Stop panicking; just be hygienic
GOTCHA - Jarius Bondoc (The Philippine Star) - February 5, 2020 - 12:00am

We’re up to our ears in talk of nCoV: Of face masks in short supply and spiraling price here and there. Of supposed outbreaks in certain cities and hospitals, and other fake news. Of sure cures that are actually subtle sales pitches for health supplements.

Social media posts tend to blow things out of proportion and depict the end of the world. SARS (severe acute respiratory syndrome) from China in 2003 was as contagious and deadly as the present 2019 novel coronavirus from Wuhan. But there is wider alarm today, since more people are online. If there’s any major change in public policy then and now, it’s that the Chinese Communist rulers are more pro-active and open about the situation. Hiding the truth would spur a backlash that could topple them, also due to the democratizing power of social media.

Governments in Asia, America, and Europe are striving to protect their citizens. Lockouts have been imposed on flights to and from China, though those may be overreactions. NCoV reportedly has infected 17,000 in Wuhan, and 450 have died, as of this writing. In Manila a Chinese tourist, confirmed as nCoV-positive, expired from pneumonia symptoms; his girlfriend recovered. Even Filipino overseas workers returning to jobs in Hong Kong and Singapore after the holidays are being prevented from departing. In winter 15 million Americans catch flu, also contagious and potentially fatal, yet there’s no travel ban to and from there. Airports all over check the body temps of arrivals with expensive handheld or walk-through gear. They strictly did that in Canada in 2003, with no SARS ever detected, yet that coronavirus killed 778 persons that year, including 44 in Canada.

Expect an nCoV vaccine and a cure in six to 12 months. Duty fires researchers in China, the United States and Australia. Fame and fortune await the pharma distributor. It’s human nature.

Meanwhile, local governments and hospitals would do well to test-run their responses to epidemic. Drills must be conducted to check the readiness of medics, adequacy of equipment, and smoothness of systems. Ongoing courses can be copied from New York City and elsewhere.

So what should ordinary citizens like us do to help?

First, listen to experts. Our doctors and public health specialists know what they’re doing. Trust them when they quote findings that nCoV, not airborne, is transmitted only by close contact. Meaning, we don’t need to wear face masks in public transports and areas – unless we are sick or are ministering to the sick. Many of us don’t even know that face masks can be used only two to three hours then replaced; the saliva and mucous stains can breed microbes and make us sick. And never take un-prescribed meds, like those for HIV only, for cough and sore throat. Stop pestering health workers as well for details on PUIs (patients under investigation) just to gossip; unofficial disclosure is against privacy laws.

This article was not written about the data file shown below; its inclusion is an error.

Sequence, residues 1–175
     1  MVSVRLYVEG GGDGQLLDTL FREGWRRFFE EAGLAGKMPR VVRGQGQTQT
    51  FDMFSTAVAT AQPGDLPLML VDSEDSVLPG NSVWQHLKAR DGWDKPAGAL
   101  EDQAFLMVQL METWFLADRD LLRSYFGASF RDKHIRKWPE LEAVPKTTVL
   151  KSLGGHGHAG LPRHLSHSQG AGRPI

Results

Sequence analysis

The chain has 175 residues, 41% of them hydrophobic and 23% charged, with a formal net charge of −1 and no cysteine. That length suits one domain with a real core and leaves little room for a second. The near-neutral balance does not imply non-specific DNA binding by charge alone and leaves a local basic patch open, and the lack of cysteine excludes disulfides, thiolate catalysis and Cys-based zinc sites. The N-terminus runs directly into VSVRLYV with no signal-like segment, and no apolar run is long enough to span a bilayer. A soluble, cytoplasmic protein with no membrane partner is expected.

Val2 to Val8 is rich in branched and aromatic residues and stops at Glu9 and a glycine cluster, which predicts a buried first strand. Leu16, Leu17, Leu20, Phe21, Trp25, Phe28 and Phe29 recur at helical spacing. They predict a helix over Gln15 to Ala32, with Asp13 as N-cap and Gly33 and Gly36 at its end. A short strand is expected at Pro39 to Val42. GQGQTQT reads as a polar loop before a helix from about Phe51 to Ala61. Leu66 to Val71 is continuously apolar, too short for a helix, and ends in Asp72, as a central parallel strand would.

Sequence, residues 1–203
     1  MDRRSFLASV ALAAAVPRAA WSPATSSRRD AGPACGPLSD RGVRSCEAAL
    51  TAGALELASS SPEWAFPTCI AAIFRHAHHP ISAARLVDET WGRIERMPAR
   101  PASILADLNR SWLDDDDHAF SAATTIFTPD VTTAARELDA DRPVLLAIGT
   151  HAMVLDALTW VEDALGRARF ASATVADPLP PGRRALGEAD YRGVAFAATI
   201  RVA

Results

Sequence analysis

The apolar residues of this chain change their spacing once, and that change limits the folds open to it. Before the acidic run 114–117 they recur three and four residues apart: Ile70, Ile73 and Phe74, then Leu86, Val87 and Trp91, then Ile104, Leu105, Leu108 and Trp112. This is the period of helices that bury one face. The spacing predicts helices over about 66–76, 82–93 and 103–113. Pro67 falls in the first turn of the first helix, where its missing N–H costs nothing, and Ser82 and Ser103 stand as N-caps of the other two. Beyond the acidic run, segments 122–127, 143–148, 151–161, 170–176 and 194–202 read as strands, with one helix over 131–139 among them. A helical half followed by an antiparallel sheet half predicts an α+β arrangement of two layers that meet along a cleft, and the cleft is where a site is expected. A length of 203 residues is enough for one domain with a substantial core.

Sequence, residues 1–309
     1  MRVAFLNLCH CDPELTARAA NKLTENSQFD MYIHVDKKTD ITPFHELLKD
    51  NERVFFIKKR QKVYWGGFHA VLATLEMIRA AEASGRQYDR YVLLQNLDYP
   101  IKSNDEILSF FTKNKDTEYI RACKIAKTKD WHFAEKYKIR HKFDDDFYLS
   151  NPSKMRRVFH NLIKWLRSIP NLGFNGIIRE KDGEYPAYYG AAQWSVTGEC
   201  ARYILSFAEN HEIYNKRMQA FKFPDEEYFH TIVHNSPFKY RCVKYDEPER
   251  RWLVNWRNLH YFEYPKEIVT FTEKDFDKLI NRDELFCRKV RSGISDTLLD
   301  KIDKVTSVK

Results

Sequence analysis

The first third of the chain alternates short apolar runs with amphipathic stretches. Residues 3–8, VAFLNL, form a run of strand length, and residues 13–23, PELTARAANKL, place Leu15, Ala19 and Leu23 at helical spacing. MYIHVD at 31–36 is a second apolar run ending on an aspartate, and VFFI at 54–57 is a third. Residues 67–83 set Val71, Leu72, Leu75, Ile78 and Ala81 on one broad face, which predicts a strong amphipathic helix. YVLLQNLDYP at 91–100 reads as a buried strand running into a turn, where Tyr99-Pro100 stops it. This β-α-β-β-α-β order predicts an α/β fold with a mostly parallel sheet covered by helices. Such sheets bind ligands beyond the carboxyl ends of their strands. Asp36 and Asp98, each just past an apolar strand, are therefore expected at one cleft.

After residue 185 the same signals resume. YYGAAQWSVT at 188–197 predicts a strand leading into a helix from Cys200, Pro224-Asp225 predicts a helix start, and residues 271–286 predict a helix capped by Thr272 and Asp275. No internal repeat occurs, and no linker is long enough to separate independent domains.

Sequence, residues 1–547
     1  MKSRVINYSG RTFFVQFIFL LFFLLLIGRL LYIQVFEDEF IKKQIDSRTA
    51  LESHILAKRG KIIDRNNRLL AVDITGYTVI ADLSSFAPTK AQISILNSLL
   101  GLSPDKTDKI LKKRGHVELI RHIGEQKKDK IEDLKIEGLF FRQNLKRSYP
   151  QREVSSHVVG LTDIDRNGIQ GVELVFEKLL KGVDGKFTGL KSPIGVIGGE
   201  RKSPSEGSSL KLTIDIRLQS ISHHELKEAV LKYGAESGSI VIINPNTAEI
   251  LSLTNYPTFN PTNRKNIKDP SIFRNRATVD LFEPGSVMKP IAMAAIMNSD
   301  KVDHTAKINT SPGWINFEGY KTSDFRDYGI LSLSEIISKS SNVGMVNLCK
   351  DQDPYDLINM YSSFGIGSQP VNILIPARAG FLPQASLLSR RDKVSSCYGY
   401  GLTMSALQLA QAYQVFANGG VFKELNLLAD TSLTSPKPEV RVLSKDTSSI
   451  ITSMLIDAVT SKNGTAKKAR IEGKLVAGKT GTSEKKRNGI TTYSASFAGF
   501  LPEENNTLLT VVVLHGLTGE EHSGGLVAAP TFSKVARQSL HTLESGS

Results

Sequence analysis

Second, let’s be hygienic. Cover our mouth and nose when coughing or sneezing. And avoid touching our mouth, nostrils and eyes too often as we open doors, push buttons and pull stuff. Not only nCoV but other coronaviruses that survive for a few hours can enter our lungs that way. Best to wash our hands before and after eating and working. Only one in 37 males wash their hands after pissing (eew!), so teach your sons, friends and workmates to break away from the dirty majority. A little hand sanitizing would do. Don’t spit in public; that’s as illegal as public defecation. Basic hygiene also dictates that we regularly clip and clean our nails, wash our hair and tie it up if long and bothersome to the person next to us.

In America and Europe people stare disapprovingly and stride away from Asian-looking persons who cough or sneeze. Similarly racist Filipinos denigrate the Chinese for the nCoV, SARS and bird flu. But look at us. We may not die of nCoV; there might not even be a pandemic. But what’s going to kill us is our filth.

Millions of squatter families along riversides and lakeshores have no house toilet, so drop waste into waterways. Millions more homes with indoor plumbing and septic vaults are not connected to sewage treatment plants, so also spew waste onto waterways. Factories dump industrial waste there too. In those same waterways we draw tap water, bathe, raise tasty fish in pens and build tourist resorts.

Dirty air will kill us too. We allow on the road smoke-belching vehicles. We let grimy factories operate in our midst. Flouting the Clean Air Act, we burn dry leaves, paper and plastics in the hope of driving away mosquitos from our premises, but only worsen the respiratory ailments of neighbors. And our authorities do nothing.

We tolerate unsanitary conditions. We frequent restaurants despite knowing there are rats and roaches in the kitchen. We take for granted the fact that if restaurant toilets stink and have no running water, their kitchen outputs are likely to be sloppy too. All filling stations, transport depots, airports, seaports, and toll ways are required to have toilets. Yet we let them get away with busted faucets and flushes.

Public hysteria over nCoV, about which we ordinary people can do little while experts study it, distract us from the fatal filth around us. And I haven’t even begun to repeat the stats I ran in this space in recent weeks – on the rising death toll in road crashes, especially those involving motorcycles.

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Catch Sapol radio show, Saturdays, 8-10 a.m., DWIZ (882-AM).

Gotcha archives: www.philstar.com/columns/134276/gotcha

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